For the city of Rome, however, this century – between Carthage falling to the Vandals and Carthage subsequently falling again to Justinian’s forces in 533– witnessed the continuing depopulation of the Eternal City. Economically, the West was characterized by growing regionalization of commercial activity. Long-distance trade still occurred in the former western provinces of the Empire, but more and more frequently such activity now involved a relay of merchants operating within interlinking commercial zones. The earlier age of exchange involving massive, centralized, and regularized shipments of goods between major ports across the Mediterranean was over. Long-distance trade moved one way: from east to west. Yet local and regional traffic within the Western Mediterranean, which connected smaller centers of consumption and production and had never disappeared even at the height of Roman imperial power, continued; the importance of this traffic intensified as long-distance trade with the Eastern Mediterranean abated, as demonstrated by the increasing amount of local and regional pottery wares present in the archaeological record of the sixth and seventh centuries.
With the demise of Roman political hegemony in the West, the socioeconomic contours of change broadly follow a pattern of decentralization. The economic integration of the peripheral Western Roman provinces and the Mediterranean, as well as the widespread use of common currencies and a uniform law code, were all lost over the course of the late fifth and sixth centuries.46 The volume and geographical scale of trade, state-subsidized movements of goods, and taxation all contracted and regionalized. This regionalization affected different areas in different ways but, broadly speaking, areas most closely tied into the Mediterranean economy were most affected, with the major exception being southern Italy, which was still tied into the trade routes of Byzantium. Areas that were less tied into the Mediterranean world were less affected, thanks to localized exchange networks that had remained integral to local economic life. However, there were major exceptions: these included inland Iberia (outside of Byzantine control) and Britain, where the collapse of Roman culture was swift and nearly complete.47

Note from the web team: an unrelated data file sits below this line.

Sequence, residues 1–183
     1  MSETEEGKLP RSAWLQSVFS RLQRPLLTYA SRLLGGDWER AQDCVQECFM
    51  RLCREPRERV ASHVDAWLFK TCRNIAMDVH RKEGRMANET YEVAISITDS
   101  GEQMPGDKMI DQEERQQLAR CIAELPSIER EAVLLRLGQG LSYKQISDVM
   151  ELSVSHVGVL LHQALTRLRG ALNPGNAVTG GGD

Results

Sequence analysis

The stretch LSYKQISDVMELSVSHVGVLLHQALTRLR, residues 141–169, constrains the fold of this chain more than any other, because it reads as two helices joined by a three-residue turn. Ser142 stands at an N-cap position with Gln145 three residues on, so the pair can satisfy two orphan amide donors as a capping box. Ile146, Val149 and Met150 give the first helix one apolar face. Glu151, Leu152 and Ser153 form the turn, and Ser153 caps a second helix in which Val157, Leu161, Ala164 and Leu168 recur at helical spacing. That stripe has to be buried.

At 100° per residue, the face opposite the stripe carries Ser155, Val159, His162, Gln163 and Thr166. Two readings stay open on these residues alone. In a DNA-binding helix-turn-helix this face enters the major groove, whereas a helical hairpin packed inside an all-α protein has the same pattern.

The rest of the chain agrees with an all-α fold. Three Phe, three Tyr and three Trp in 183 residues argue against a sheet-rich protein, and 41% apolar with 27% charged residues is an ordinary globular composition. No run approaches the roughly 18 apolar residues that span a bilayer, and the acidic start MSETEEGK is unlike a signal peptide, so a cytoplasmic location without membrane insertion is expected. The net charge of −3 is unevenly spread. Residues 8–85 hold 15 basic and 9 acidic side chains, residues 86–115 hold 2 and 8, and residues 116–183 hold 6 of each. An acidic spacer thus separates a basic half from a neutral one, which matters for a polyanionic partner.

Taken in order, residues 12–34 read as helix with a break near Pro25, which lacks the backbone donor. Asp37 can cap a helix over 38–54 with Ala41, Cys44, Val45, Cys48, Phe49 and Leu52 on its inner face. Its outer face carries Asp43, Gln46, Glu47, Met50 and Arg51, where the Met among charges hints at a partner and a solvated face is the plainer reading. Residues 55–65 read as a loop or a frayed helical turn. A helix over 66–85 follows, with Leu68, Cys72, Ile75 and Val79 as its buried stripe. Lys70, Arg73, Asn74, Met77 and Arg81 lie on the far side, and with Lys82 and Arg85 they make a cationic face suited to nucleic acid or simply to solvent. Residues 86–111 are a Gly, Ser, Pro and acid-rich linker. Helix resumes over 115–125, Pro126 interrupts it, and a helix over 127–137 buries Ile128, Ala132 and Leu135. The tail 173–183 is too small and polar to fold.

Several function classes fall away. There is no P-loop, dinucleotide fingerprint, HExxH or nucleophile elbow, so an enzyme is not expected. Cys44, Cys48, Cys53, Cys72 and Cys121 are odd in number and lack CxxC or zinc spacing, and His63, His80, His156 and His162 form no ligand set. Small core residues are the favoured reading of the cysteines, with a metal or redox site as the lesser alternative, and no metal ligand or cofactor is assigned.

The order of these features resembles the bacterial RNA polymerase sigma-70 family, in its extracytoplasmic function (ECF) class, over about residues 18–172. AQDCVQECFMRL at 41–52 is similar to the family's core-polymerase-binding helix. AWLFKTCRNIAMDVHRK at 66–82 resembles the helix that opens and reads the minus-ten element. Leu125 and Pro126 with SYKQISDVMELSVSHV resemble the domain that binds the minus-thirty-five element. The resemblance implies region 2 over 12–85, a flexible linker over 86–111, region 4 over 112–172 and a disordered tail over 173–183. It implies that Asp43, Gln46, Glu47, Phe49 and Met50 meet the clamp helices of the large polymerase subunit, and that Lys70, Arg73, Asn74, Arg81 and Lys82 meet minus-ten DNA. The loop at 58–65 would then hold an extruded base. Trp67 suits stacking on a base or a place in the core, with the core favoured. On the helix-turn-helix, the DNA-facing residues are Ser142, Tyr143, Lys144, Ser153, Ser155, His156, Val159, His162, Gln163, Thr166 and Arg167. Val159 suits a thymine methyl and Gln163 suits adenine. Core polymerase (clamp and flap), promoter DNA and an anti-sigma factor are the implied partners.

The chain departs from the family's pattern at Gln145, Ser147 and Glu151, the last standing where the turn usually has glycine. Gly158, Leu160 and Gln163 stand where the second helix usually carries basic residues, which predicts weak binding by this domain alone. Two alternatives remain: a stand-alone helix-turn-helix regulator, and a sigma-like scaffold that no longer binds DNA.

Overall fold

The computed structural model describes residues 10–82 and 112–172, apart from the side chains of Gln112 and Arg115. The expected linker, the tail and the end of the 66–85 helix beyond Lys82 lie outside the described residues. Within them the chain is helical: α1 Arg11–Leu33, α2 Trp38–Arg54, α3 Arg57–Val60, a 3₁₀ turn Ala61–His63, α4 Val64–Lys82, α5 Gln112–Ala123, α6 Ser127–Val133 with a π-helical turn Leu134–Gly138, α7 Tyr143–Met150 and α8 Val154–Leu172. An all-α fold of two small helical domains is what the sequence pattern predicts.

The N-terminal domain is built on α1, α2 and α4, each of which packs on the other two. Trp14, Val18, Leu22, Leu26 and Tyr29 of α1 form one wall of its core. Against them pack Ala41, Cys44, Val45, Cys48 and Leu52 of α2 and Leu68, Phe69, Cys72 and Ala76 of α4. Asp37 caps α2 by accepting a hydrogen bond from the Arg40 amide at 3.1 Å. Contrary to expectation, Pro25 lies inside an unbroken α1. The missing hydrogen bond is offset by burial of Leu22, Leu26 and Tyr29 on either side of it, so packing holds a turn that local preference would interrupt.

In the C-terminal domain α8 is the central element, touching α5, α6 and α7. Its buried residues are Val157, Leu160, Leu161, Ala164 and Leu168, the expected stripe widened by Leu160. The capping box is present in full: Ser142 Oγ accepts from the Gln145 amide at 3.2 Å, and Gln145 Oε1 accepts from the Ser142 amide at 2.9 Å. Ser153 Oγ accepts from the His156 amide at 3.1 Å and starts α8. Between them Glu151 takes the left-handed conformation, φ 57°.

This understanding of the Roman economic trajectory from integration and centralization to regionalization and decentralization is key to understanding human trafficking networks during the transition from Late Antiquity to the early Middle Ages. With decentralization and regionalization, the rates of consumption and market production had diminished, and as they went so, too, did the Roman slave system. Endemic warfare meant that enslaved peoples still periodically flooded the markets, even as political instability weakened the very economy that created the demand for slave labor in the first place, and this led to crashes in prices. Writing after an attempted coup by Goth foederati, Synesius of Cyrene (c. 370–413) expressed his fear of Roman dependency upon Goth slaves and the danger of revolt in Constantinople and in the provinces. ‘Every house, however humble, has a Scythian [Goth] for slave. The butler, the cook, the water-carrier, all are Scythians, and as to retinue, the slaves who bend under the burden of the low couches on their shoulders that their masters may recline in the streets, these are all Scythians also.’48 Rhetorical embellishment and Synesius’ intense personal disdain for the Goths aside, the passage nevertheless suggests that upheaval along the frontier had created a buyer’s market for Goth slaves by the beginning of the fifth century. Herwig Wolfram makes a similar observation about the state of the slave market following the 406 defeat of the rebel Radagaius, a Goth and aspiring king, by the Roman general Flavius Stilicho (d. 408). He writes, ‘When the captured Radagaius Goths were sold into slavery, the slave market collapsed.’49 Simply put, the supply of slaves overwhelmed the demand for bodies and the ability of the market to absorb such a sudden glut. This dynamic only intensified over the course of the fifth century as the increasing political instability decreased the demand for slaves, since ‘both the consumption power of the middling classes and the elite’s ability to control market-oriented production were eroded in the early medieval world in which there was far less exchange.’ Thus the political and economic conditions changed across the Roman Empire over the course of the fifth century to such an extent that the fourth and early fifth centuries represents the last phase of a politically united and economically integrated Mediterranean.50